Examining Generative AI: Impact on Society / AI Brings Benefits to Companies While Government Guidelines Bring Confusion; JR Kyushu Finds Innovative Uses for AI

The Yomiuri Shimbun
A camera scans a lost item and converts the data to text at a lost and found center at JR Hakata Station in Fukuoka Prefecture on March 29.

Expectations are high that generative AI will improve convenience in many ways, but confusion caused by the negative impact of this technology is also spreading. This is the third installment of a series which explores issues and potential countermeasures in the fields of education, government, business, medicine and sports.


In late March, a station worker at the lost and found center in JR Hakata Station in Fukuoka Prefecture which sees about 100,000 passengers every day, scanned a ticket that someone had turned in. A few seconds later, the following information appeared on a monitor:

“Lost property: A coupon ticket / Shape: Rectangular, Valid until March 29, 2024”

The camera was equipped with a generative AI system capable of instantly determining the characteristics of lost property and converting that data into text.

Kyushu Railway Co. decided to implement the system, which was developed by the Tokyo-based startup find Inc., to improve work efficiency. Now, on a busy day, around 200 items are registered with the system.

“This new technology has significantly lightened the workload for employees,” an official at JR Kyushu’s railroad business division said. “We want to make things more convenient at stations and improve work processes for our employees.”

On the other hand, one issue still needs to be addressed: The text that AI generates is not 100% accurate. Inaccurate information about items or brand names introduces the risk of an item being handed over to the wrong person, so a set of human eyes at the end of the process is essential.

Training rookies

Some companies are beginning to utilize AI for employee training.

Tokyo-based fixed-fee car leasing company Nyle Inc. uses AI to transcribe and summarize high-performing salespeople’s sales pitches and negotiations and share them with new employees in hope of increasing the company’s overall sales.

For onboarding, Nyle gets AI to score a new recruit’s responses to more than 100 questions related to conversations expected to take place with customers. The AI provides feedback such as “Your answer is suitable but a more detailed explanation is needed.”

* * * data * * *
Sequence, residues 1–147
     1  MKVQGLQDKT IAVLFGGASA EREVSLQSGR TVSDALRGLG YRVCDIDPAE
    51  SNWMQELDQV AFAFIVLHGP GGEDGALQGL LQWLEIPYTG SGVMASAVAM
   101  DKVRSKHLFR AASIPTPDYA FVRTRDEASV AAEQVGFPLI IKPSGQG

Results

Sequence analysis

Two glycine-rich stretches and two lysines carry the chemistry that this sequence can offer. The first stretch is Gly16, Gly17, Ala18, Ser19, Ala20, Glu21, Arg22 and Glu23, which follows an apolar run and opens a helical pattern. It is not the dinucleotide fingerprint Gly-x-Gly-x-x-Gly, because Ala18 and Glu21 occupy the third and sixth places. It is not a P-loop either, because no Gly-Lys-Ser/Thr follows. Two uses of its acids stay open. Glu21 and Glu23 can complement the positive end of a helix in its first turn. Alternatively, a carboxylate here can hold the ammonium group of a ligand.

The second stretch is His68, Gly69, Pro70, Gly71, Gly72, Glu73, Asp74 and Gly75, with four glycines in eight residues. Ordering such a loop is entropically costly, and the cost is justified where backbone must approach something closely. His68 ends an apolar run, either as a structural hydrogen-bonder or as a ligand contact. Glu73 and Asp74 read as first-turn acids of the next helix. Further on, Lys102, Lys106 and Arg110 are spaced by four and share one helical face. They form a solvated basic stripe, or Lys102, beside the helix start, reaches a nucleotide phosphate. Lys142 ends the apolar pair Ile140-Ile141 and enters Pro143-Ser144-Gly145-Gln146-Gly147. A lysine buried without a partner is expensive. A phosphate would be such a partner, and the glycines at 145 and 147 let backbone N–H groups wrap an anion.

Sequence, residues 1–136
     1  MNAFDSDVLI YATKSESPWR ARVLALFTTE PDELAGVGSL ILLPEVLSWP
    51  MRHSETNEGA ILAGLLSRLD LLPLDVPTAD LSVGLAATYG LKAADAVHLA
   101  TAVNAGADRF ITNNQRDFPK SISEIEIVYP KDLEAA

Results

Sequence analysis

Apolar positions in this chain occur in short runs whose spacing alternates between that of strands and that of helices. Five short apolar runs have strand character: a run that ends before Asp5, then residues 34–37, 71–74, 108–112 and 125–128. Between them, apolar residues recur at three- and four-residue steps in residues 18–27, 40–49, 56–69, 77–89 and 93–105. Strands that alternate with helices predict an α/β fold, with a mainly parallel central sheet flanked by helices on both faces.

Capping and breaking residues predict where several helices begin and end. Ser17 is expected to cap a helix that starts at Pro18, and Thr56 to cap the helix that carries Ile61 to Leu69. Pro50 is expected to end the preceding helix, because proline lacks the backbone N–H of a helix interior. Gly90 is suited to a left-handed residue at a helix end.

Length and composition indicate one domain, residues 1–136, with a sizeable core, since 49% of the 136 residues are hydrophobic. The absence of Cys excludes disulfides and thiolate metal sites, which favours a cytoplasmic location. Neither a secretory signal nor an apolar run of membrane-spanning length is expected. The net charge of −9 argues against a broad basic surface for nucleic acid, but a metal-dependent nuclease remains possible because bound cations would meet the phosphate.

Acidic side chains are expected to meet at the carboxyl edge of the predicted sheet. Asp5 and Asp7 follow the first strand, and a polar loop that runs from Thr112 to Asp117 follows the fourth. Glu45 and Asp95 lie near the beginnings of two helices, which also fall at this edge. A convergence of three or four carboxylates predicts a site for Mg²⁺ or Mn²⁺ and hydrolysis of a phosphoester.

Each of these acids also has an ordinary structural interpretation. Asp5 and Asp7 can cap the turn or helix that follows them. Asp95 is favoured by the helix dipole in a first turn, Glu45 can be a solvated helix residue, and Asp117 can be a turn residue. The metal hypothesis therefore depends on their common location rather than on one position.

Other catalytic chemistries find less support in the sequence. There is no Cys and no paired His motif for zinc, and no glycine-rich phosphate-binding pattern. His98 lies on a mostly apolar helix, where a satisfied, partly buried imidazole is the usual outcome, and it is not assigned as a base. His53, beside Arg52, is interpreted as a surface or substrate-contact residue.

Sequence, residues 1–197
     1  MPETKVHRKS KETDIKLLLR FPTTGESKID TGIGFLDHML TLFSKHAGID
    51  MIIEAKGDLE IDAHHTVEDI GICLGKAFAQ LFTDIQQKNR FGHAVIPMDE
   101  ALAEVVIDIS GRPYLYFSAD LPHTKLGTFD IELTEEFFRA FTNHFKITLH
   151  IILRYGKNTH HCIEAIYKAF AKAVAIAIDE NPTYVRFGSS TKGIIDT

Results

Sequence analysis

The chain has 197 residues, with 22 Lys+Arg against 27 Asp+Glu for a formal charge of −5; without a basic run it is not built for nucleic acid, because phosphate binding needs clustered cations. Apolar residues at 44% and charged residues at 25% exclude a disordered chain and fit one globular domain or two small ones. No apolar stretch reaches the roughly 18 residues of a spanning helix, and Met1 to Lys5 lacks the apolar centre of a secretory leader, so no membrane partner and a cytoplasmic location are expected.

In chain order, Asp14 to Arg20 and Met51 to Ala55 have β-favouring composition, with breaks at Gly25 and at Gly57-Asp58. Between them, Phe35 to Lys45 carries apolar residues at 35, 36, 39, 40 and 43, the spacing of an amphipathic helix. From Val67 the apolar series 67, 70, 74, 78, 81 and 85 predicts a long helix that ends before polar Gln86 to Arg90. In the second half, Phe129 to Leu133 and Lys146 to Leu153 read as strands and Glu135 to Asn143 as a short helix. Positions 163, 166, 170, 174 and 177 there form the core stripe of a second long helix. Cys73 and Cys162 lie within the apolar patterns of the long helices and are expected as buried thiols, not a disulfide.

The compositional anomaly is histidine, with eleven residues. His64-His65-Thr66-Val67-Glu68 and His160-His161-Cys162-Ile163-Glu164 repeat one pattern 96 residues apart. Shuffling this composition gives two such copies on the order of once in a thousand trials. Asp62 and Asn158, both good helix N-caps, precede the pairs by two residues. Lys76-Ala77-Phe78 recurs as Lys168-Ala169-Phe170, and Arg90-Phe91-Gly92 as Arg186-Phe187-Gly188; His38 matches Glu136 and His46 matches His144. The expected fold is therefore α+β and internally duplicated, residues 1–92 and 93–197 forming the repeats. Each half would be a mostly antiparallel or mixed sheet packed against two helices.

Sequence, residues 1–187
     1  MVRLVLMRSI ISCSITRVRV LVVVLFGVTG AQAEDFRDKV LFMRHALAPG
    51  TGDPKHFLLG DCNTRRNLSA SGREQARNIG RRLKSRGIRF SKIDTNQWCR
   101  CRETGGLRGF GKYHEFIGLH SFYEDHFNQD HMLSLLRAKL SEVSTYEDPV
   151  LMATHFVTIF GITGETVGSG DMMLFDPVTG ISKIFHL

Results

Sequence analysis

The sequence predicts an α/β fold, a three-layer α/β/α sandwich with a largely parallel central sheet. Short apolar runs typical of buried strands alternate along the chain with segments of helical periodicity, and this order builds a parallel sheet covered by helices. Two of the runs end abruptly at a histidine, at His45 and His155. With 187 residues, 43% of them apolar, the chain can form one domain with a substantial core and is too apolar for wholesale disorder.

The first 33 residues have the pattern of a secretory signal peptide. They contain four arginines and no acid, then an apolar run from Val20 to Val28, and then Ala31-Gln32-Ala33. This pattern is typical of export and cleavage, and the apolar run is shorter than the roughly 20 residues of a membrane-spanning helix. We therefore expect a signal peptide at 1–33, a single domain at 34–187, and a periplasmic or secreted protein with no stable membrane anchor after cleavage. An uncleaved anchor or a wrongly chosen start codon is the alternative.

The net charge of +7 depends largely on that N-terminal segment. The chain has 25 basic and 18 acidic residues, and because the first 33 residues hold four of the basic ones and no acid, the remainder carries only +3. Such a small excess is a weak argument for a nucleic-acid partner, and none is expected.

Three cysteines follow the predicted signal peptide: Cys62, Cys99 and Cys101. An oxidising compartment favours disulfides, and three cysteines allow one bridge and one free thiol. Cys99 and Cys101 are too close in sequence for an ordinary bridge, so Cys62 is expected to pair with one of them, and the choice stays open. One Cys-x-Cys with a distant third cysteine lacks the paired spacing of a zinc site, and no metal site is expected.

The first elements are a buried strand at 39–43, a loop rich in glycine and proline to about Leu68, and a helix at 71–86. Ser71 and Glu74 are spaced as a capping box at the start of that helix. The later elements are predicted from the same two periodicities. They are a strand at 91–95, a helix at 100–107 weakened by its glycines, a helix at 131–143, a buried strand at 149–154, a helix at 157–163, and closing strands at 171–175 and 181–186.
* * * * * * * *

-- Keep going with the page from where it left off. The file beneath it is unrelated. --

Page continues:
As a result of its company-wide implementation of AI, Nyle has saved around 2,500 hours and ¥40 million over the last year.

Active use

The use of AI in business operations is picking up speed. A survey conducted by MM Research Institute Ltd. in March found that 19% of the about 1,600 companies surveyed were using generative AI. The rate increases to 43% if companies that are considering implementing AI or preparing to do so are included.

On the other hand, such issues as copyright and personality right infringement resulting from the unauthorized use of certain materials in AI training are lingering risks.

Levi Strauss & Co. received a complaint from an American woman who claimed that the company used an AI-generated model based on her without permission and that her face had been altered by AI. The U.S. denim maker was forced to respond to criticism on social media that they were taking jobs away from real models.

AI-generated models are beginning to come into use in Japan too, but a person in a production company said: “Highly illegal things are also circulating in the market. Frankly, it’s a free-for-all.”

In April, the government finally issued guidelines for business operators regarding the use of AI, but one worker in a leading manufacturing company said, “The rules are vague about what we should be paying attention to.”

Amid the continued expansion of AI in business, Chuo University Prof. Toshiya Jitsuzumi, an expert on AI issues, said that what has become important is the disclosure of information related to how AI is being used.

“Companies should disclose how and where AI is being used in their operations and whether the final decision is being made by a human being.” Jitsuzumi said. “Particularly because we’re in the early stages of AI expansion, it’s essential for companies to deal with risks appropriately and earn the public’s trust.”